07Dec

6 Things to Do When Setting Up a Virtual Workforce

The creation of a virtual workforce can be one of the most important and rewarding things a company will do. However, it must be created and managed correctly or it may not provide the desired outcome. This type of workforce can be a significant asset to a company, or it can become a costly liability. 

Which way it goes will largely depend on how the workforce has been developed and chosen, and how it is managed as it grows and develops. Here are six of the most important things to do when setting up a virtual workforce, to help ensure the highest chance at long-term success. 

1. Remember That the People Matter Most 

A manager can have great technology and a quality company, but if they do not hire the right people and treat them well, that company will suffer and the technology really will not matter. It is the people in a virtual workforce that matter most. They need to be right for the company and right for each other from a professional standpoint. If they cannot work together effectively, the entire operation will suffer. 

2. Choose Diversity to Get More Done 

When selecting a team for a virtual workforce, managers should consider a diverse group of people. Choosing people who are all in the same age group, of the same gender, and of the same basic nationality will not give a diversified look at any problems the company has or ways to solve those problems. 

This kind of virtual workforce also limits the company's understanding of how certain groups feel about specific types of products or services. The more diverse the group of people in a virtual workforce, the more likely their knowledge and guidance will be valuable to the company. 

3. Provide the Technology Needed for Success 

While it is true that technology is not the most important part of a virtual workforce, it is still a very valuable asset. Employees can get more done when they are able to collaborate with one another and perform their assigned job duties more easily. 

Because of that, the technology they are using should be the best the manager can reasonably provide for them. Then they can use what they are offered to interact with each other and to make sure they are performing their jobs to the best of their ability. This technology can also be used by management to check on their progress, in order to keep projects on track. 

4. Understand That a Different Management Style is Required 

When managing a virtual workforce, the style has to be different than managing a traditional one. Workers are not all in one area, and they may not even be all on one continent. With that in mind managers should focus on giving more free reign to the workers, but also being clear on the deadlines and expectations.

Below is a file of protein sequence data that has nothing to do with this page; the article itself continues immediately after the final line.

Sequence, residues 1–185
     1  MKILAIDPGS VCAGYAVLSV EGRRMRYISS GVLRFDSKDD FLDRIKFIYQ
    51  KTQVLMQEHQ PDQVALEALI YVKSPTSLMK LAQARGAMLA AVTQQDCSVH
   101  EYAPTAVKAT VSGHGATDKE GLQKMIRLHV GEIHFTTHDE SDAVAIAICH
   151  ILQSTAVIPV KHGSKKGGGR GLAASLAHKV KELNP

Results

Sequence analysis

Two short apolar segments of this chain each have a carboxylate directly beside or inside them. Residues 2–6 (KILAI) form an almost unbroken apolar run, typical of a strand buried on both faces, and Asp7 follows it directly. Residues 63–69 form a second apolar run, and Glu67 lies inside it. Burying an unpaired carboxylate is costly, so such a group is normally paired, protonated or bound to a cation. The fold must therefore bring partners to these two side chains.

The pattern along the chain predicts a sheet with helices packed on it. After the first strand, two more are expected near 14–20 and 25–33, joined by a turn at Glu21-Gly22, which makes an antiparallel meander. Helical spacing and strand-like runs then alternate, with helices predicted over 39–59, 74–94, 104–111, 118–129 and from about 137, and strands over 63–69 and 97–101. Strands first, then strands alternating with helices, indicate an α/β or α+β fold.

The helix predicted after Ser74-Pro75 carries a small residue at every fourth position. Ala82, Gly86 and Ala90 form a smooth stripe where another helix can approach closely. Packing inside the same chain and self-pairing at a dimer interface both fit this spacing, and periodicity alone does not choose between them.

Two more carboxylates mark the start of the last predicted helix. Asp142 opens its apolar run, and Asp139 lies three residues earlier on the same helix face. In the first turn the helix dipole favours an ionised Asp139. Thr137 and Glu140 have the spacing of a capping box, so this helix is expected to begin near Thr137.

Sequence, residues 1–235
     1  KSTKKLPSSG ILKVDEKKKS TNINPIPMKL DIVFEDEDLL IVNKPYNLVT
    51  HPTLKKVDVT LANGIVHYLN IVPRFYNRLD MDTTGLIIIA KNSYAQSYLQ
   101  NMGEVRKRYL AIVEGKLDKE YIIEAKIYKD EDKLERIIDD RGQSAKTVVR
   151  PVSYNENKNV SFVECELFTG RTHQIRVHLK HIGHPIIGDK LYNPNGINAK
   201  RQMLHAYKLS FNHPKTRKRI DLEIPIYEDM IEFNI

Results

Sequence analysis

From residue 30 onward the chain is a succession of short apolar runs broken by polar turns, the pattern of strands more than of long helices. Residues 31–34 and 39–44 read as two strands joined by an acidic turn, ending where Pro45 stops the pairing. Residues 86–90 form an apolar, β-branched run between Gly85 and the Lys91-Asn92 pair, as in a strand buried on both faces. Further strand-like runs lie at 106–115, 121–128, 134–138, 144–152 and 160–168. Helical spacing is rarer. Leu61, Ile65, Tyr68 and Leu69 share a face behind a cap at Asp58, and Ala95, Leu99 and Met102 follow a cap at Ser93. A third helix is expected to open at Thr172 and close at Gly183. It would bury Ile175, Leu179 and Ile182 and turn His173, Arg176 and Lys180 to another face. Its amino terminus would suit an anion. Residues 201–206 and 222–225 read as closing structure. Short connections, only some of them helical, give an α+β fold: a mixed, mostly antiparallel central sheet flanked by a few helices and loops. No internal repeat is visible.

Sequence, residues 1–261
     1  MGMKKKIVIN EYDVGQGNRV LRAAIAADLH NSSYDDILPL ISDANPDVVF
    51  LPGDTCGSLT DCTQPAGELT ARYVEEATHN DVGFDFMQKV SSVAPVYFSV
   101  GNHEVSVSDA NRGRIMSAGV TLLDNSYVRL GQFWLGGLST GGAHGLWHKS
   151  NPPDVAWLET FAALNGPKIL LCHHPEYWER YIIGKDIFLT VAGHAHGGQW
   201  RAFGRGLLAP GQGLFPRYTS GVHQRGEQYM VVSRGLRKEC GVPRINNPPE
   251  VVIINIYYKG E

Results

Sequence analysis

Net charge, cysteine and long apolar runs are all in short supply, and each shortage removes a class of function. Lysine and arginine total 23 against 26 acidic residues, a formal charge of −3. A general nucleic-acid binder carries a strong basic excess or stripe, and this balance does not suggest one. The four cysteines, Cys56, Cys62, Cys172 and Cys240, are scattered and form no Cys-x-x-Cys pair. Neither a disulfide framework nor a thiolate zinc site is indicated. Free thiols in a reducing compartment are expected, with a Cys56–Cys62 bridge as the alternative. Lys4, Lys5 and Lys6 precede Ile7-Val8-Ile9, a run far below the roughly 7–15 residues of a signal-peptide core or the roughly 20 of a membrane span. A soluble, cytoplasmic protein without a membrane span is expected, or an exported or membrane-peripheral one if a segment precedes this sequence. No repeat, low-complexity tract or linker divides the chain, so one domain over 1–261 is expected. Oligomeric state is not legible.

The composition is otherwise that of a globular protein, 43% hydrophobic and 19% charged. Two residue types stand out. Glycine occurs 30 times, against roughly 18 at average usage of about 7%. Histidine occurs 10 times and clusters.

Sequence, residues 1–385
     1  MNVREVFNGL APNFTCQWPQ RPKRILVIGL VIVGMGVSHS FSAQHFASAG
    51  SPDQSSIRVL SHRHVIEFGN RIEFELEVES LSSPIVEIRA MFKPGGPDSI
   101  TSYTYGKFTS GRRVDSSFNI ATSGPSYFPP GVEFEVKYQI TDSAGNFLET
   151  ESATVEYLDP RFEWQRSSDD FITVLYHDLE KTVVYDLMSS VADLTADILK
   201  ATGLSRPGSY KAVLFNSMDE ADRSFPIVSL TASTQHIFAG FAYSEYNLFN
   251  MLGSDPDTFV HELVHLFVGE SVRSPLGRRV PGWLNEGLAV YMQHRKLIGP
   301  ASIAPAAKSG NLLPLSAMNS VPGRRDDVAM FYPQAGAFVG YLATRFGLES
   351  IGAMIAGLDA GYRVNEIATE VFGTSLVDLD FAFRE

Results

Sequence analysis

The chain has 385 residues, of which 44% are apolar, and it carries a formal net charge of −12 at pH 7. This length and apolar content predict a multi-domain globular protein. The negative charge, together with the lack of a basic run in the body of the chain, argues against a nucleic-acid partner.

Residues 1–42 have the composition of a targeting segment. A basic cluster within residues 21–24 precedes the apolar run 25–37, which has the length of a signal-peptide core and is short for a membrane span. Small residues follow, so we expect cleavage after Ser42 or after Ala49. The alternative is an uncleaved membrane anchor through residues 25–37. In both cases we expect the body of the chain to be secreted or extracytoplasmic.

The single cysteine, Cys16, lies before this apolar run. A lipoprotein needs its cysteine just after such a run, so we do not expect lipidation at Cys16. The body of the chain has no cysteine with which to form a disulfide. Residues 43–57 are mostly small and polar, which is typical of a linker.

That way workers feel as though they can work on the project without being micromanaged, but they still know where they need to be by specific dates. As they collaborate with the rest of the team, it is easy to see who is and is not doing their share of the work, and who may need further guidance to be successful. 

5. Address Ways to Reduce Social Isolation 

Among the biggest problems when setting up a virtual workforce is the concern over the social isolation some or all of the workers may feel. They may often work from home, but they will not have a peer group to interact with during their workday. That can make them feel isolated and can even lead to depression and anxiety in some cases. 

Adjusting the workday so that virtual workforce team members have the opportunity for more socialization can help. There is no realistic reason for these workers to be at their home office desks on the same schedule as traditional workers in most cases. Helping them understand that can also help them feel more connected. 

6. Work With Employees to Ensure Cultural Awareness and Sensitivity 

Having a diverse virtual workforce is very important, but it can lead to miscommunication and misunderstandings. Cultural awareness and sensitivity may not come naturally to every employee, but it can definitely be taught. Managers who focus on this type of training right from the beginning will be more likely to have a virtual workforce that works well together and that is generally kind, or at least respectful, to one another. 

It is not always easy to set up a virtual workforce, but by following these six tips it will be easier to create a workforce that will truly complement one another and the company as a whole. More can get done, deadlines will be met, and everyone will work together to foster the immediate good and continued success of the company.

Photo by Ryoji Iwata on Unsplash

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